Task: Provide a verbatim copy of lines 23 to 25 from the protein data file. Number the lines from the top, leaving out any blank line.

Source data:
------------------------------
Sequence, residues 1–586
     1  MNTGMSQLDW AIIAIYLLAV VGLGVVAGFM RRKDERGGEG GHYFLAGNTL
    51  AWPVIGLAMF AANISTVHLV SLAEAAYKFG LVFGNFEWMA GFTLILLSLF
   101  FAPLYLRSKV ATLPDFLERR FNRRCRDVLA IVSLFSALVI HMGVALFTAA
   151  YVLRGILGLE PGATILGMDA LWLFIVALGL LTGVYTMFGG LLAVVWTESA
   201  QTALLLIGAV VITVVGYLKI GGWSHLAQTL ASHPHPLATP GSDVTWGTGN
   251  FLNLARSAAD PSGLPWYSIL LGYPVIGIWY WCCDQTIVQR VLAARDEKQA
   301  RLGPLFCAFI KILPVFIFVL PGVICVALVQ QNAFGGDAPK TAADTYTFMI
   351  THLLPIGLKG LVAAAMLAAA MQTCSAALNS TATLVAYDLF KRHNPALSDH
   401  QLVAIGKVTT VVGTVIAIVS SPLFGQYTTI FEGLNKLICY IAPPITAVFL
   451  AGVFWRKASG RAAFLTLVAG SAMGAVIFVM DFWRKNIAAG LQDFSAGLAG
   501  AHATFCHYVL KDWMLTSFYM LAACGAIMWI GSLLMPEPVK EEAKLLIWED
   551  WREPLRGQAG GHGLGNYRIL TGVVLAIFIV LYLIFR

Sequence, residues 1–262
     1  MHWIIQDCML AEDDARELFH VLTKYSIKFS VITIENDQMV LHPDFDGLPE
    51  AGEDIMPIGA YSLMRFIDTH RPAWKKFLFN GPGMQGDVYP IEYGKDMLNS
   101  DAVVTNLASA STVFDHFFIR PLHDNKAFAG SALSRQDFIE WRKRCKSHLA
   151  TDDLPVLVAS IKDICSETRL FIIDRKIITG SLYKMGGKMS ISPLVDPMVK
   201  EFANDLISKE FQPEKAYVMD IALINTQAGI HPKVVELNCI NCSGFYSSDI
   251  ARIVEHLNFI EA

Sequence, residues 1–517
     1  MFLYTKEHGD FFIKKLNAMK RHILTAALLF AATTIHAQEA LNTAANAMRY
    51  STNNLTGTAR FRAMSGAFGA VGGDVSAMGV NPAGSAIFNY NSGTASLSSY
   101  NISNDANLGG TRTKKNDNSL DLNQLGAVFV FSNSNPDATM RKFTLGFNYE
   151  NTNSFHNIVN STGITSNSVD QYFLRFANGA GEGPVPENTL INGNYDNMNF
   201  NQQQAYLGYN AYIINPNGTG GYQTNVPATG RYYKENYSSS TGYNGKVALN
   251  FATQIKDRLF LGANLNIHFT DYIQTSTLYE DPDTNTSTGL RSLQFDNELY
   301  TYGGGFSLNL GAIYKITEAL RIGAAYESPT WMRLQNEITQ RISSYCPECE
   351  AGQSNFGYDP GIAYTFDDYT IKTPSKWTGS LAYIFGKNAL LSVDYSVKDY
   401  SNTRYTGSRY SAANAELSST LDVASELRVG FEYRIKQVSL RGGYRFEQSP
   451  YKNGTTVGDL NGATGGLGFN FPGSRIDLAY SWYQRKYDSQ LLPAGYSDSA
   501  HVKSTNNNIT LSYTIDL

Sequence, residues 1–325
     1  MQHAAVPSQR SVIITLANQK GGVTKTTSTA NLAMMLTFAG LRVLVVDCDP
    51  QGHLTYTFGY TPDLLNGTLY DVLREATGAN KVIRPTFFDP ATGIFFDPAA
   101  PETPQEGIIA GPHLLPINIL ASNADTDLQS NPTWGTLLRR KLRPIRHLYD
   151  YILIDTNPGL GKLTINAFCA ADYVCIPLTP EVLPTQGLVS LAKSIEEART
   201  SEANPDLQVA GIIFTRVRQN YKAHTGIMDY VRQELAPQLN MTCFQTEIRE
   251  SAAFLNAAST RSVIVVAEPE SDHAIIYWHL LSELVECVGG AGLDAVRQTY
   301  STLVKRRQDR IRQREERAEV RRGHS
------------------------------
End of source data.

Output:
    51  STNNLTGTAR FRAMSGAFGA VGGDVSAMGV NPAGSAIFNY NSGTASLSSY
   101  NISNDANLGG TRTKKNDNSL DLNQLGAVFV FSNSNPDATM RKFTLGFNYE
   151  NTNSFHNIVN STGITSNSVD QYFLRFANGA GEGPVPENTL INGNYDNMNF